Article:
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Argon Lasers: Avoid Exposure

By Our Newsgroup Members

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In the beginning, the 1980s, there was the argon laser for treatment of port wine stains. This treatment method produced mixed results with adults. In general, this method was not used on children due to the high risk of scarring. Thankfully, argon lasers have since been replaced by technologies like Pulse Dye Lasers (PDL) and Intense Pulse Light (IPL).

Stephanie Cale remembers her argon laser treatments as follows:

I had two treatments with argon, one at age 15 and the second at age 17. In the mid 1980s when I had them, argon was it - this was so early, there wasn't any other laser to choose from. The equipment was pretty basic, in that there was just the laser, no cooling device or anything like that. EMLA hadn't come along, so a topical skin anesthetic wasn't available either. What I had to do was endure a series of lidocaine shots to the area, which were pretty bad in and of themselves. Having a needle stuck into my facial skin hurt terribly, the lidocaine burned until it took effect, and the shots left needle bruises. After all that, the lidocaine didn't really numb the area that well either. Then I got to hold an ice pack on my face for 30-40 minutes to cool down the tissue. After that came the laser. I remember it was blue-green in color (as I could still see it through goggles, with my eyes shut) and so strong I could feel my skin popping as it cauterized, and smell the burnt hair and skin. On the first time I was treated in a striping pattern, like cornrows, and then on the second treatment the striping pattern would be repeated, this time lasering the untreated rows. When the treatment was finished I got a bacitracin coating, another ice pack and was sent home to heal.

Stephanie also remembers the post-treatment experience and generally unsatisfactory results:

Usually within the first day or two there would be a scabbing and crusting all over the treated area and a toe-curling painful burning sensation as the lidocaine wore off. The pain lasted for days, as did the scabbing which itched unbelievably as the skin underneath healed. I had to sleep in bandages so I wouldn't scratch at my face as I slept during the night. After a couple of weeks the scabs would eventually come off, and the skin underneath would be raw new pink skin that stung whenever light struck it. In that new pink skin, it was clear there was scarring and hypopigmentation, and left-over PWS. The PWS gradually faded a bit (maybe 30% each treatment) over the next several weeks to months, but the scarring and hypopigmentation were pretty obvious right off. The scarring was in the shape of the rows and the hypopigmentation was both in the scarred areas and the PWS areas. Both the scarring and hypopigmentation remain to this day. The PWS was definitely made lighter, but the price paid wasn't worth it. The scarring and white areas are just as hard to cover as the PWS.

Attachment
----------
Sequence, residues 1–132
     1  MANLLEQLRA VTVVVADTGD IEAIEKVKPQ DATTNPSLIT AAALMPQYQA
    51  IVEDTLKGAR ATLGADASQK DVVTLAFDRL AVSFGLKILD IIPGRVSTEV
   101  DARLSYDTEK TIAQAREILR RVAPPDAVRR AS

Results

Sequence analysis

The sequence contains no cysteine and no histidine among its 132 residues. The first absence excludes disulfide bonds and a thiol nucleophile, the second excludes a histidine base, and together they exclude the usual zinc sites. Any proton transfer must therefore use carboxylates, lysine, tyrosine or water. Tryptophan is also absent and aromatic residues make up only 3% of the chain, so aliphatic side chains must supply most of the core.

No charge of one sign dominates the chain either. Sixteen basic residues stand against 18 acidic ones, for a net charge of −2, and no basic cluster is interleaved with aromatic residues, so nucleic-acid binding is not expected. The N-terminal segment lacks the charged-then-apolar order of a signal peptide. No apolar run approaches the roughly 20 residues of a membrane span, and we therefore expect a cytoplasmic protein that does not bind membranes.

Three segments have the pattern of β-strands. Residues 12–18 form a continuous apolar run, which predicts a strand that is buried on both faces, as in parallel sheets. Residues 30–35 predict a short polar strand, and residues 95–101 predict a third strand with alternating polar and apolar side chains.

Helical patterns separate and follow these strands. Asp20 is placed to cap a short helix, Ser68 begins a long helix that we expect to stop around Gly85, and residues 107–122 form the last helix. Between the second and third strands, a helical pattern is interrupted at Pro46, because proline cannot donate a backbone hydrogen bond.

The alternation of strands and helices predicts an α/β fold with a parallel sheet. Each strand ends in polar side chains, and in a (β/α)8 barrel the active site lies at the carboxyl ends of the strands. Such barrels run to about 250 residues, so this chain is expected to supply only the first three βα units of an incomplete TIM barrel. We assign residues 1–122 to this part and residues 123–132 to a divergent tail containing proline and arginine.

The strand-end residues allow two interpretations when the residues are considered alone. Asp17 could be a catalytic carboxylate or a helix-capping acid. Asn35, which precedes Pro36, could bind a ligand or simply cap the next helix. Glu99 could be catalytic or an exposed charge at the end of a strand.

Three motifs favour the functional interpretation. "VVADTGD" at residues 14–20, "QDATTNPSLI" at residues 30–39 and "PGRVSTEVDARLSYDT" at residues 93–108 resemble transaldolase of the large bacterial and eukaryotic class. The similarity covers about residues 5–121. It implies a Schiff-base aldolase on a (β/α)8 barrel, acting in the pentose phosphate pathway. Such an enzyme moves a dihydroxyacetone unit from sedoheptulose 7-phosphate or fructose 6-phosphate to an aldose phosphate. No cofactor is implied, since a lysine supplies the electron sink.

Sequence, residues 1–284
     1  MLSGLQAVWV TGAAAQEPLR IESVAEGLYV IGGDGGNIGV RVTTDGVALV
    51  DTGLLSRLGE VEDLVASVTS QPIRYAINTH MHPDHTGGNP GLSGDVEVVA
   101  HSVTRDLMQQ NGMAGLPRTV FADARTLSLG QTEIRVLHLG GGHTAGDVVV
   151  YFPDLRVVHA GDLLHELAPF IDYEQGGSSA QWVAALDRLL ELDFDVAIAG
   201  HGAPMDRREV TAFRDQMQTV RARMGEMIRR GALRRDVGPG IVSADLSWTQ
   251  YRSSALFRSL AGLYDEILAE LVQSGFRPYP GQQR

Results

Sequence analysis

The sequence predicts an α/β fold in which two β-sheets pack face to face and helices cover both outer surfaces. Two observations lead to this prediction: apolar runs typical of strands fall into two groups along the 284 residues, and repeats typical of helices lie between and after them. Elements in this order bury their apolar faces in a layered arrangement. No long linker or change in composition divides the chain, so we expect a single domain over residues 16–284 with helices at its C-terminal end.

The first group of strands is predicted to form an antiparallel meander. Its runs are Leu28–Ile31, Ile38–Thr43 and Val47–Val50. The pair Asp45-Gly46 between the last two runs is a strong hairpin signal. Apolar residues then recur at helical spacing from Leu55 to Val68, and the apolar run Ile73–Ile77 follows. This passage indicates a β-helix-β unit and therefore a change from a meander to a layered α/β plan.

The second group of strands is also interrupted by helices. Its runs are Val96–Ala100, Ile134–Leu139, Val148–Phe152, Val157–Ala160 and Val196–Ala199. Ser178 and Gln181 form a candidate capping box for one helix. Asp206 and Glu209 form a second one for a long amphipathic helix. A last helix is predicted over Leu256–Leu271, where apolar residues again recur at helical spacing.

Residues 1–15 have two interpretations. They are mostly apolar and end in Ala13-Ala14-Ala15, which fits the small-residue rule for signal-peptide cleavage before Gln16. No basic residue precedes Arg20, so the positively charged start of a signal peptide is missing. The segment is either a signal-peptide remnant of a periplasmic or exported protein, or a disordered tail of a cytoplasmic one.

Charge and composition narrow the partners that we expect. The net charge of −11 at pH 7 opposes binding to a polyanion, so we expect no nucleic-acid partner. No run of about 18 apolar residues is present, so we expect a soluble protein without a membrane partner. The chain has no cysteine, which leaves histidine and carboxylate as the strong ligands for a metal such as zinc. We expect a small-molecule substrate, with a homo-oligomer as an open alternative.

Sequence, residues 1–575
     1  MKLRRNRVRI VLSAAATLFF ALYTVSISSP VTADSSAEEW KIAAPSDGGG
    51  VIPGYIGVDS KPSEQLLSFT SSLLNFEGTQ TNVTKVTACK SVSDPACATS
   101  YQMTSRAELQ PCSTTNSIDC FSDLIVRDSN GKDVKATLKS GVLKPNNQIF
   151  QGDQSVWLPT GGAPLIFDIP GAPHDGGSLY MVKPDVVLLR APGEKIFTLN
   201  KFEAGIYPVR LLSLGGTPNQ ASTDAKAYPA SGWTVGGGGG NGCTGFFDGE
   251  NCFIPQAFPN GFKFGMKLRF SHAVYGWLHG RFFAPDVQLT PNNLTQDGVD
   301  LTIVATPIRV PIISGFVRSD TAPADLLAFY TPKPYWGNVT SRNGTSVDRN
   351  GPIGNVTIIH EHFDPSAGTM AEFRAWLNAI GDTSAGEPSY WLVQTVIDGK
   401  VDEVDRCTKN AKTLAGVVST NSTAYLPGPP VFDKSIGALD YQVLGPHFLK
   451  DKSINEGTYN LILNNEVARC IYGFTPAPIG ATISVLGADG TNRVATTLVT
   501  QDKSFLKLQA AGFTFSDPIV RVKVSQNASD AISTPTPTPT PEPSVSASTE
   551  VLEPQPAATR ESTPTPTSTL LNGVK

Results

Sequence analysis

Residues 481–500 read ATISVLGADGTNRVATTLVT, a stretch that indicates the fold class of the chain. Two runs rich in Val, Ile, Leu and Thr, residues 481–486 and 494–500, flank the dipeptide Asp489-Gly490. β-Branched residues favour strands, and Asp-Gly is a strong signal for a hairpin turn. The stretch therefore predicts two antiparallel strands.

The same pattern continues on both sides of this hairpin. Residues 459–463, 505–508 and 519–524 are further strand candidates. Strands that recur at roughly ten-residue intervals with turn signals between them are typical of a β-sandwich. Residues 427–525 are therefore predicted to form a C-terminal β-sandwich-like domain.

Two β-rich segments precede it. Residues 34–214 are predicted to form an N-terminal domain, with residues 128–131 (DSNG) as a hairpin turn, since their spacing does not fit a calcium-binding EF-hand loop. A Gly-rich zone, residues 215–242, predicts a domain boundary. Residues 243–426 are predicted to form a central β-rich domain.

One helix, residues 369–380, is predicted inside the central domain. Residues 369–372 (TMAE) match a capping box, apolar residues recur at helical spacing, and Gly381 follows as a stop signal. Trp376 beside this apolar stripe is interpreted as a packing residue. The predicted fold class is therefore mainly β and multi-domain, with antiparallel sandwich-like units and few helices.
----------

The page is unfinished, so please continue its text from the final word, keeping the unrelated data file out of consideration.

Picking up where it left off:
Charlie (aka Stephanie's husband) refers to argon lasers as, "the Voldemort of past treatments!" He missed out on argon laser treatments. Certainly, Stephanie had enough experience for both them.

Lindsey Shanahan remembers this experience, which never went past the test stage:

I was referred to Dr Roberts by my doctor when I was a teenager to see if I wanted to try laser treatment for my birthmark. This particular laser was called the "Argon" laser and it was only in a hospital in Salisbury. So after consultation with Dr Roberts, he made an appointment for me to have a trial run. My parents and I went all the way from Wales to Salisbury to try the argon laser. However, it was not successful. It was done on my chin, only a small square but it was terribly painful and left me with a bump in my chin for quite a while. This laser is suitable for other people, but it wasn't for me.

Michael Steffano was a true pioneer with argon lasers:

In the mid-70s I had my first test spots done by Dr. Leon Goldman (widely credited as one of the pioneers of laser treatment for dermatological conditions). At that time lasers were big bulky machines (they didn't have the nifty fiber optics yet) so I was put on a gurney and wheeled under first a ruby laser and then an argon laser. I remember intense bursts of colored light. It literally felt like I had been smacked with each pulse. My father, who had brought me to the hospital, said after each pulse wisps of smoke would drift up off my face. A lot of pain and no gain... fortunately I did not have any scarring to speak of.

Sher Crummy tells this story on her personal web page:

At 15, I had my first laser treatment...the dreaded Argon laser. It was one the worst experiences of my life. It was extermely painful and took the whole summer to heal...I didn't leave the farm. I was left with more scarring. I didn't go back.

Stephanie has this final comment about argon lasers:

The technologies now are so much better and I'm grateful that people don't have to go through the argon experience anymore. It is so much easier now, so less painful, and safer. I've had treatments with other lasers since, and the difference is like night and day between the argon and the newer lasers. The new lasers don't destroy your skin the way the argon did and don't scar like it did. Whew!!
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